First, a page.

This week in Island history
The news of 10 and 15 years ago is from the Jamestown Press. The news of 25, 50, 75, and 100 years ago from the Newport Daily News comes from the collection of the Newport Historical Society.
100 years ago From the Newport Daily News, December 20, 1906:
The last meeting of the first series of Club whists was held in the “Den” Tuesday evening, and resulted in a win for the steamboat team, but by so small a score as not to change them from last place.
From the Newport Daily News, December 21, 1906:
Today’s fog and rain have stopped all outside work and greatly interfered with the Christmas shopping.
75 years ago From the Newport Daily News, December 18, 1931:
The town of Jamestown is to request of the state unemployment commission a loan of $5,750 on the total amount allotted to the town of Jamestown, for relief of the unemployed, in said town, subject to the act passed by a special session of the legislature, approved November 24, 1931.
(At the town council meeting) it was voted to move the fire whistle to the new fire station.
Is Fort Wetherill on Conanicut Island to be used as a detention station for immigrants: The Jamestown town council, fearing that this may be so, has voted to protest. When this was called to the attention of the authorities at Fort Adams today, Lieutenant E.R. Thorpe the adjutant, said it was the first time they had heard of it. Furthermore, if the government did plan a detention station, to replace the old ship now at anchor in Providence harbor, it was believed that Fort Greble and not Fort Wetherill would be selected. There are no buildings at Wetherill, whereas Greble has an extensive plant which could be used for this or other purposes.
From the Newport Daily News, December 19, 1931:
The annual Christmas tree for the children of veterans sponsored by the (American) Legion and auxiliary was held in the town hall Friday afternoon, when about 140 children were present.
50 years ago From the Newport Daily News, December 17, 1956:
The combined absentee, shut-in and service ballots, reversed the Nov. results and reelected Sen. Alton Head Jr. and Rep. Lewis W. Hull of Jamestown, General Assembly positions these Republicans had held for years.
From the Newport Daily News, December 20, 1956:
Newport’s Council, by a 5-1 vote, last night opposed the building of an oil refinery in Jamestown or in any section of lower Narragansett Bay.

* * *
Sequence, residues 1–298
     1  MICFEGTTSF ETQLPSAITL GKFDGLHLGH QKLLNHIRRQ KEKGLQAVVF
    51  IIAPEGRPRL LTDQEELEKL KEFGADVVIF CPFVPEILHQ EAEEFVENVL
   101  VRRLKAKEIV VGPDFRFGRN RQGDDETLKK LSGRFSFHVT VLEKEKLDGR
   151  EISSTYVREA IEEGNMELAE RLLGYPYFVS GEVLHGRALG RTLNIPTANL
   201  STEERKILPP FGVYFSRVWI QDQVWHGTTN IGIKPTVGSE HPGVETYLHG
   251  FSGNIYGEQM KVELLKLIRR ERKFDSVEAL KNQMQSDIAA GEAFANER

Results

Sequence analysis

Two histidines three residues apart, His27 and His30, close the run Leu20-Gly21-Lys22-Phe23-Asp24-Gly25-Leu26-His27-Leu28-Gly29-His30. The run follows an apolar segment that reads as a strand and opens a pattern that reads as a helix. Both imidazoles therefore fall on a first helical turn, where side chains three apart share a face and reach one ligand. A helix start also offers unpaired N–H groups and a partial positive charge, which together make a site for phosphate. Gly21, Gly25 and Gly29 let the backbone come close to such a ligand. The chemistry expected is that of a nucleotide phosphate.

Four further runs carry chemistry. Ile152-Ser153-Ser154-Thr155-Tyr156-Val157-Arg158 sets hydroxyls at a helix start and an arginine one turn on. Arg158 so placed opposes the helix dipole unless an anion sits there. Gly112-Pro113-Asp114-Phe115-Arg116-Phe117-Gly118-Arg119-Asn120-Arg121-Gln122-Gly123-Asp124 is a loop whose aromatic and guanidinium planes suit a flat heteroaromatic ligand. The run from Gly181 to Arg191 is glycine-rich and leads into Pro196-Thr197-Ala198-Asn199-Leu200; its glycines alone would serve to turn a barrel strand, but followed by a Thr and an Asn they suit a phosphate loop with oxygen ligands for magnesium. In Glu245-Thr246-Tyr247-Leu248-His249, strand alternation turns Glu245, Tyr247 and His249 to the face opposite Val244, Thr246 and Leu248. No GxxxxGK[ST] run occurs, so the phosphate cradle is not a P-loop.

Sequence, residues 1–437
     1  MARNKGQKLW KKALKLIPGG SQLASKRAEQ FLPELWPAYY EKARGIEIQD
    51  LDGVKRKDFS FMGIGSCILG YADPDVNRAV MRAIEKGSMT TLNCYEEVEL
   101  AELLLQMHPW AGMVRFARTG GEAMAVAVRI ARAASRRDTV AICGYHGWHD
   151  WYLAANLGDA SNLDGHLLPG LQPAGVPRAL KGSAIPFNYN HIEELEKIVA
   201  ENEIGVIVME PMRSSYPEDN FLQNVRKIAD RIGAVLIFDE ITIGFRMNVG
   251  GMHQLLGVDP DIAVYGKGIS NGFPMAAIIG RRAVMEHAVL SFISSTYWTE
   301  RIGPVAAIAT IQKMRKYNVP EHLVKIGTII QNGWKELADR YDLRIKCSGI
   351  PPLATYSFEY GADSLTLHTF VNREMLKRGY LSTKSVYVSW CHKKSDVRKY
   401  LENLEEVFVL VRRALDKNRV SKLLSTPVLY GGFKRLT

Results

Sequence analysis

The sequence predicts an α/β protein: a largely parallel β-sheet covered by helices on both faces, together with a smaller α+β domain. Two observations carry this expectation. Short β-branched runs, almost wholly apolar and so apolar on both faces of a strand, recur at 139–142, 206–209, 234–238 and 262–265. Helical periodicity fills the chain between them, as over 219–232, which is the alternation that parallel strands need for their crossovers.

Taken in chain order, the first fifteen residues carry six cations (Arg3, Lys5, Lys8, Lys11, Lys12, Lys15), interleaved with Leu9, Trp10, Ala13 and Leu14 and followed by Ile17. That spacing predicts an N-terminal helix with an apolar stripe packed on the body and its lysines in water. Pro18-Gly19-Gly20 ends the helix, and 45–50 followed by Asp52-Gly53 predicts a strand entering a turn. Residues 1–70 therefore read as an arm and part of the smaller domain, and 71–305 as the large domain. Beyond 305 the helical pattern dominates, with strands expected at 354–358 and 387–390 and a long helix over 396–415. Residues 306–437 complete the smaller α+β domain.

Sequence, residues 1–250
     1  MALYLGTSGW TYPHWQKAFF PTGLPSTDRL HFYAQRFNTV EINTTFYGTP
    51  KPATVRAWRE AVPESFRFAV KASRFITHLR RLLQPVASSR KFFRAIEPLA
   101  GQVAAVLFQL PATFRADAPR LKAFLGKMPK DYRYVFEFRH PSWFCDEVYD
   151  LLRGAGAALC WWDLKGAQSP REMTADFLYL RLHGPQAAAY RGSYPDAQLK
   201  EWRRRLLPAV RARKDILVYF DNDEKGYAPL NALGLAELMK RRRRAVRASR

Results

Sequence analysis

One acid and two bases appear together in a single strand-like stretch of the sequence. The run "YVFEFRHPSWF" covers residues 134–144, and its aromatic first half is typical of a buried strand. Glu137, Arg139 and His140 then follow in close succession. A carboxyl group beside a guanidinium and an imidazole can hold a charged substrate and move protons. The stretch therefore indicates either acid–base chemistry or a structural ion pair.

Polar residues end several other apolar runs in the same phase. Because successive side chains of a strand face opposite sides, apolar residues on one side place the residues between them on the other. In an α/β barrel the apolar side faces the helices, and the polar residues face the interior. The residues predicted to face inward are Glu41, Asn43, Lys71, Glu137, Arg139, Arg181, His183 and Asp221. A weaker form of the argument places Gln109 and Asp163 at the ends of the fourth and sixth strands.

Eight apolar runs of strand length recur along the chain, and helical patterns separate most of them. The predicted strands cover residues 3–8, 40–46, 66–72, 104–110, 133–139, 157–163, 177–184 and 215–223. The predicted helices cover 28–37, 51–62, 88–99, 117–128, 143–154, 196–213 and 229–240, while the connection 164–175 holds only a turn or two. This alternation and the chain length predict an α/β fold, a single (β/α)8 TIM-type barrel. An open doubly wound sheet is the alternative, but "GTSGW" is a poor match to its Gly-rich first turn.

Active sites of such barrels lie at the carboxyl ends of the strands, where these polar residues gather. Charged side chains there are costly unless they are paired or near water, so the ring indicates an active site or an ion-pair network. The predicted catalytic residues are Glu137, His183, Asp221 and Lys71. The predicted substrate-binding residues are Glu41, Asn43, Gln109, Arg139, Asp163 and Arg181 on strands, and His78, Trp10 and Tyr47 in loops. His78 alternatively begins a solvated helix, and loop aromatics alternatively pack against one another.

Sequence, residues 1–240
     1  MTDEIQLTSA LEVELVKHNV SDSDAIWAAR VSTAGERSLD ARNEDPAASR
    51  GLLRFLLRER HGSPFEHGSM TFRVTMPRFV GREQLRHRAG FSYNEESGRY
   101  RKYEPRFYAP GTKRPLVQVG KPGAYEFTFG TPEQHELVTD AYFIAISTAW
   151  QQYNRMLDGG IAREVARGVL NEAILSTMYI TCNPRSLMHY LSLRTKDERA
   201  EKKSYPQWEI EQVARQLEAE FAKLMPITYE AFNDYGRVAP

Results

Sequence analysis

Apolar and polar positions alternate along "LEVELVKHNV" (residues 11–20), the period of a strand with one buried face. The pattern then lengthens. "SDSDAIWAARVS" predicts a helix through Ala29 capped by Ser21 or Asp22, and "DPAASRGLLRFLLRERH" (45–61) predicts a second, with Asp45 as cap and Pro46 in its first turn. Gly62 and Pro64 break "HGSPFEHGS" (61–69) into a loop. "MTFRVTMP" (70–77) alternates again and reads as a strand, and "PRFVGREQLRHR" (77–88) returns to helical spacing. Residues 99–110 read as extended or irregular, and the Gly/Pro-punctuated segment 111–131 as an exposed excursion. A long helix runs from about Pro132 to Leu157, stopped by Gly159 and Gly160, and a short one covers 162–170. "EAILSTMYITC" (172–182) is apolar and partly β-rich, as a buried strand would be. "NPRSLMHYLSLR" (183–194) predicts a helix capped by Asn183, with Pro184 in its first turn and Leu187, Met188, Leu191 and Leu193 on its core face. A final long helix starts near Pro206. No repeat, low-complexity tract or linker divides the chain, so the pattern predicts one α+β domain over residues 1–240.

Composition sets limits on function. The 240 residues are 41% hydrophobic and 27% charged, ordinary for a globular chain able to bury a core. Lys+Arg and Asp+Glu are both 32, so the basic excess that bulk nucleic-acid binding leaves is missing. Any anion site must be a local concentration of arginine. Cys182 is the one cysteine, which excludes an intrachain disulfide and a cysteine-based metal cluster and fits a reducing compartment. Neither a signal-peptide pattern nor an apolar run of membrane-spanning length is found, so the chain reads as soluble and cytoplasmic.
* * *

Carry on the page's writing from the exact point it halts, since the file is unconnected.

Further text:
From the Newport Daily News, December 21, 1956:
Christmas lights have been turned on all over Jamestown in one of the biggest displays ever seen in the town.
From the Newport Daily News, December 22, 1956:
Reduced toll rates for the Jamestown Bridge will go into effect Feb. 1 Principal decrease will be from 85 cents to 75 cents for one-way trip for passenger cars.
25 years ago From the Newport Daily News, December 17, 1981:
Gov. Garrahy has told Jamestown officials the state will try to meet their concerns over the width of a proposed new Jamestown Bridge and routing of Newport-bound traffic across Conanicut Island. The proposed new bridge, expected to cost $73 million, would be built 300 feet north of the existing bridge. The state has been pushing for a 79- foot-wide span,. Congress has said it can be 69 feet, and the state has had differing impressions from the Federal Highway Commission.
From the Newport Daily News, December 18, 1981:
More than 300 youngsters turned out Thursday night to meet Santa Claus at the annual firemen’s Christmas party at the station.
15 years ago From the Jamestown Press, December 19, 1991:
Today’s holiday celebration for town employees set for 3 p.m. at the Town Hall breaks with tradition and reflects the attitudes of the season. Prompted by the sagging New England economy, town employees elected not to have the council host the traditional Christmas celebration dinner. Instead, employees chose to collect food for the St. Mark Food Closet.
Mary S. Wright has been named the 1991 Volunteer of the Year. The award is presented annually by the Jamestown Press to honor an islander for outstanding community service.
10 years ago From the Jamestown Press, December 19, 1996:
Town officials will start enforcing local laws that prohibit homeowners from discharging roof runoff and sumppump water into the municipal sanitary-sewer lines.
If it were not for two years of hard work by some dedicated Rhode Islanders, including many Jamestowners, there would be green metallic Jamestown signs rather than the new wooden signs lining the Jamestown section of Route 138. (photo caption) Artist Eleanor Gravdahl and architect Ron DiMauro helped make the new welcome signs possible. The signs were recently installed by the state DOT.
A new cast and a new donkey will be the only changes to this year’s Christmas Pageant — which, as always, will have the same charm it has maintained for the past 20 years.